There are two working distances for microscopes: objective and stage. Together they define the space you have to work with objects and still focus with your microscope.
Objective working distance is the vertical distance from the objective’s front lens to the closest surface of the specimen when the specimen is sharply focused. It’s the space you have to get a specimen in under the lens and still get a focus. Some objectives take into account the thickness of the slide coverslip in working distance measurements.
Working distance can range from 50 mm for dissecting or stereo microscope objectives to less than 0.1 mm for high-power oil immersion objectives. It decreases as magnification, resolution and numerical aperture increase. Microscope objectives are usually designed with short working distances.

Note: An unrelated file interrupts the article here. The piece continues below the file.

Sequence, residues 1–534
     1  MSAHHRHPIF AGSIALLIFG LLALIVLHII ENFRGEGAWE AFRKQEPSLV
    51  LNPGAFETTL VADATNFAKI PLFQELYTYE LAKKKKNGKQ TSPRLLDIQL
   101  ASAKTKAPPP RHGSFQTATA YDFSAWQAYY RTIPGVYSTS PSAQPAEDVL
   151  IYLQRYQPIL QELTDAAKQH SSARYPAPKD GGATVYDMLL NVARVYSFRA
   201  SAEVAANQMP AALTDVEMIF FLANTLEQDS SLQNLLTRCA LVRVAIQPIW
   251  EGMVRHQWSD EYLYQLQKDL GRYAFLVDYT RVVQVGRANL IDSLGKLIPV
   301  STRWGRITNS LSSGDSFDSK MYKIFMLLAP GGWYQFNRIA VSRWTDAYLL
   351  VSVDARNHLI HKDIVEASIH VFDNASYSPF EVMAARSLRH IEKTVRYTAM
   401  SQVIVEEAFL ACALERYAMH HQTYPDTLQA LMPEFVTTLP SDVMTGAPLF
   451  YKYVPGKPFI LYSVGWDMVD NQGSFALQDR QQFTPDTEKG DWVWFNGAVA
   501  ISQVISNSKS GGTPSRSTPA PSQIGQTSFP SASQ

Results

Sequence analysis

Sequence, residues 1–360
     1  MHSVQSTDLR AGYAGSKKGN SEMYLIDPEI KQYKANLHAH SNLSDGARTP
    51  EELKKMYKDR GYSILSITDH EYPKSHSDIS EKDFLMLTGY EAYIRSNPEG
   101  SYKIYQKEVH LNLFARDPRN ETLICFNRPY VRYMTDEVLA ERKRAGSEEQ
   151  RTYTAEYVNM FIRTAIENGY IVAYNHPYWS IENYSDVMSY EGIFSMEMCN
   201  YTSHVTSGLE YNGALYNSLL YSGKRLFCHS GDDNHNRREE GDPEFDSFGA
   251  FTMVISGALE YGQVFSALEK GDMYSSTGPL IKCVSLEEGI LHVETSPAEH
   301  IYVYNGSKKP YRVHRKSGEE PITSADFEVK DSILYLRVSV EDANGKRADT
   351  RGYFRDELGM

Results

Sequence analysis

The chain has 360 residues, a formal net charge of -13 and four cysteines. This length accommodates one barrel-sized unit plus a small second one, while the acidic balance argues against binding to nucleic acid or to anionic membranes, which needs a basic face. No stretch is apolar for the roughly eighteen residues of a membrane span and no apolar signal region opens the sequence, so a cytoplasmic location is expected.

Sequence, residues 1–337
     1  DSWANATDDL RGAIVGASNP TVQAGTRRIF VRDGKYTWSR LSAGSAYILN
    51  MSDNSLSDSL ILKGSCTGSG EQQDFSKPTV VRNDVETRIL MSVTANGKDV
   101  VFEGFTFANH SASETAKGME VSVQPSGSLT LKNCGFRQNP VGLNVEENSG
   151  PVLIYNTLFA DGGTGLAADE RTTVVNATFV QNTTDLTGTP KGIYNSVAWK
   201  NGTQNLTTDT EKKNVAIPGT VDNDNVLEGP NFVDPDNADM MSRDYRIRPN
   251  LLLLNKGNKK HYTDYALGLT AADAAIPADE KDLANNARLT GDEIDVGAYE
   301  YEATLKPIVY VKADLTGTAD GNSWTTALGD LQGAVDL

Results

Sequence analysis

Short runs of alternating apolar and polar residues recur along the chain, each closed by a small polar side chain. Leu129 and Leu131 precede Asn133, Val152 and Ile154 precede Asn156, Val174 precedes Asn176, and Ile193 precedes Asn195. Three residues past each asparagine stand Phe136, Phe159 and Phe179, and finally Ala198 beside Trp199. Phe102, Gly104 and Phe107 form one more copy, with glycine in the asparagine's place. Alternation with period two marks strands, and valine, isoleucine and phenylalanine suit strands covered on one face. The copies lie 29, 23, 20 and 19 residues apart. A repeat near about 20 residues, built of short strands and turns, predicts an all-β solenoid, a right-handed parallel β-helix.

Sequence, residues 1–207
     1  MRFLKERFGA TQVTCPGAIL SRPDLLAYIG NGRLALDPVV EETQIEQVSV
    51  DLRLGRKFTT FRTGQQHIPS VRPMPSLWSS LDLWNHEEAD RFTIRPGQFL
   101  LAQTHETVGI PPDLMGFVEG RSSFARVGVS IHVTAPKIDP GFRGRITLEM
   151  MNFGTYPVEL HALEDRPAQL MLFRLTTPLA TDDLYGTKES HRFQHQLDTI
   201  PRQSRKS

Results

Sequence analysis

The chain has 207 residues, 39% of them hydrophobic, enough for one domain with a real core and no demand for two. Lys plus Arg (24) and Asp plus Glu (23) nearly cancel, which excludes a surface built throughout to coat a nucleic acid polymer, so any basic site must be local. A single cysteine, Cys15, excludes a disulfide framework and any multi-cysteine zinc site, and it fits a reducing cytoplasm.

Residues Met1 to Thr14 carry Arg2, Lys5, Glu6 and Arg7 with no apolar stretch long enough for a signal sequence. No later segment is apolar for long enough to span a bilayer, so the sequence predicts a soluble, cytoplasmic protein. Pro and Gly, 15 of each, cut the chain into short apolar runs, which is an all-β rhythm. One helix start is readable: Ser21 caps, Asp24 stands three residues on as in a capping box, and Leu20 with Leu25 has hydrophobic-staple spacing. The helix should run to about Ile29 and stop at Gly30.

The stage working distance is the vertical distance that is available for focusing by moving the stage, arm, or tube, either separately or together. When combined with the objective’s working distance, it determines how big or thick a specimen can be and still be viewable. Larger working distances are best for looking at larger specimens like whole rocks and entire stamps. Low-power microscopes will have more generous stage working distances than high-power microscopes. Low-power microscopes will also be able to see more of the surface of the specimen, since the larger working distance and low power give them the ability to view more of the specimen at once.